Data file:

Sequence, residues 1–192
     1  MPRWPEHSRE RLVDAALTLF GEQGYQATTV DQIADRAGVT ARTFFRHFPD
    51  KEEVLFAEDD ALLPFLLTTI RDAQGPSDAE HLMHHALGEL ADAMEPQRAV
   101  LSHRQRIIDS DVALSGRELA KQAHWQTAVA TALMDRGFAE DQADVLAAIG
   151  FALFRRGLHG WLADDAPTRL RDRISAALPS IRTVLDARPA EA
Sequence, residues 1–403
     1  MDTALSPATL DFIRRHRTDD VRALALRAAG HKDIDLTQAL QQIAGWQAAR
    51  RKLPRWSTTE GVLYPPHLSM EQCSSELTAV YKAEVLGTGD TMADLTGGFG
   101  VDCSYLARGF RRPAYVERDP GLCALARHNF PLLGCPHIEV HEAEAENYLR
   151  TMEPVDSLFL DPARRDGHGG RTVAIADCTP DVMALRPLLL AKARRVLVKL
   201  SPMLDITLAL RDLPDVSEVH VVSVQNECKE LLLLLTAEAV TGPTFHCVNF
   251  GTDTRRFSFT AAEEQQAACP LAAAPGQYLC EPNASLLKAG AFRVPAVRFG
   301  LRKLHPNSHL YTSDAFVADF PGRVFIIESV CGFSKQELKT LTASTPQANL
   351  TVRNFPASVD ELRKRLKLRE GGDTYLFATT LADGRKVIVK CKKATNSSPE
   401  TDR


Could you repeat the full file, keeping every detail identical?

Sequence, residues 1–192
     1  MPRWPEHSRE RLVDAALTLF GEQGYQATTV DQIADRAGVT ARTFFRHFPD
    51  KEEVLFAEDD ALLPFLLTTI RDAQGPSDAE HLMHHALGEL ADAMEPQRAV
   101  LSHRQRIIDS DVALSGRELA KQAHWQTAVA TALMDRGFAE DQADVLAAIG
   151  FALFRRGLHG WLADDAPTRL RDRISAALPS IRTVLDARPA EA
Sequence, residues 1–403
     1  MDTALSPATL DFIRRHRTDD VRALALRAAG HKDIDLTQAL QQIAGWQAAR
    51  RKLPRWSTTE GVLYPPHLSM EQCSSELTAV YKAEVLGTGD TMADLTGGFG
   101  VDCSYLARGF RRPAYVERDP GLCALARHNF PLLGCPHIEV HEAEAENYLR
   151  TMEPVDSLFL DPARRDGHGG RTVAIADCTP DVMALRPLLL AKARRVLVKL
   201  SPMLDITLAL RDLPDVSEVH VVSVQNECKE LLLLLTAEAV TGPTFHCVNF
   251  GTDTRRFSFT AAEEQQAACP LAAAPGQYLC EPNASLLKAG AFRVPAVRFG
   301  LRKLHPNSHL YTSDAFVADF PGRVFIIESV CGFSKQELKT LTASTPQANL
   351  TVRNFPASVD ELRKRLKLRE GGDTYLFATT LADGRKVIVK CKKATNSSPE
   401  TDR